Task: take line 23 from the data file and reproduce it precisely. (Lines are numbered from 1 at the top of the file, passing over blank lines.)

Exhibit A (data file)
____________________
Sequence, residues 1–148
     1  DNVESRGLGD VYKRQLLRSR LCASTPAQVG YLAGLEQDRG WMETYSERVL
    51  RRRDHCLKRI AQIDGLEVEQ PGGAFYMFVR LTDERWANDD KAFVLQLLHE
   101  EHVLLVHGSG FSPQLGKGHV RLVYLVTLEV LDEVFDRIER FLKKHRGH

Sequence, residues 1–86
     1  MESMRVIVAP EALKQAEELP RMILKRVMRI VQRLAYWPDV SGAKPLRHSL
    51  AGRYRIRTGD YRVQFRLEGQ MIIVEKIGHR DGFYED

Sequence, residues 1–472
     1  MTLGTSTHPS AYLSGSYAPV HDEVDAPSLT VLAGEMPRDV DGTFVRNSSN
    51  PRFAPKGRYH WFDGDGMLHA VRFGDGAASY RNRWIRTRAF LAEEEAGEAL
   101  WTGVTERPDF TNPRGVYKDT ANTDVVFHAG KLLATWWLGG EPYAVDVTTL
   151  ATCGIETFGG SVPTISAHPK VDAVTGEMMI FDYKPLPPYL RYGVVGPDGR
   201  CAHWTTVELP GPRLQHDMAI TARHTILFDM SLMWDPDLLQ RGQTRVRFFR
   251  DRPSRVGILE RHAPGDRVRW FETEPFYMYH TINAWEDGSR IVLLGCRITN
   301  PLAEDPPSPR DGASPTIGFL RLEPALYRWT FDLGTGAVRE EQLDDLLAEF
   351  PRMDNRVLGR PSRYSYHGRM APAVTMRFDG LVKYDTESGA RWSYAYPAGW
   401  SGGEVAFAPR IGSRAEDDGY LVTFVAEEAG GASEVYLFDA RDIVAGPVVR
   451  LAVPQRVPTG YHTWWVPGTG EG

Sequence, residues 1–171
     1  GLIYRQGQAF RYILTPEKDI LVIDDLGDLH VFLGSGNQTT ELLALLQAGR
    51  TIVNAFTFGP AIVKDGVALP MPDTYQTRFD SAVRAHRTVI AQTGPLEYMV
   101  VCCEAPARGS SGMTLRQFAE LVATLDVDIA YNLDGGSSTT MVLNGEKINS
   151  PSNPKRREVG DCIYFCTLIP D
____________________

   151  PSNPKRREVG DCIYFCTLIP D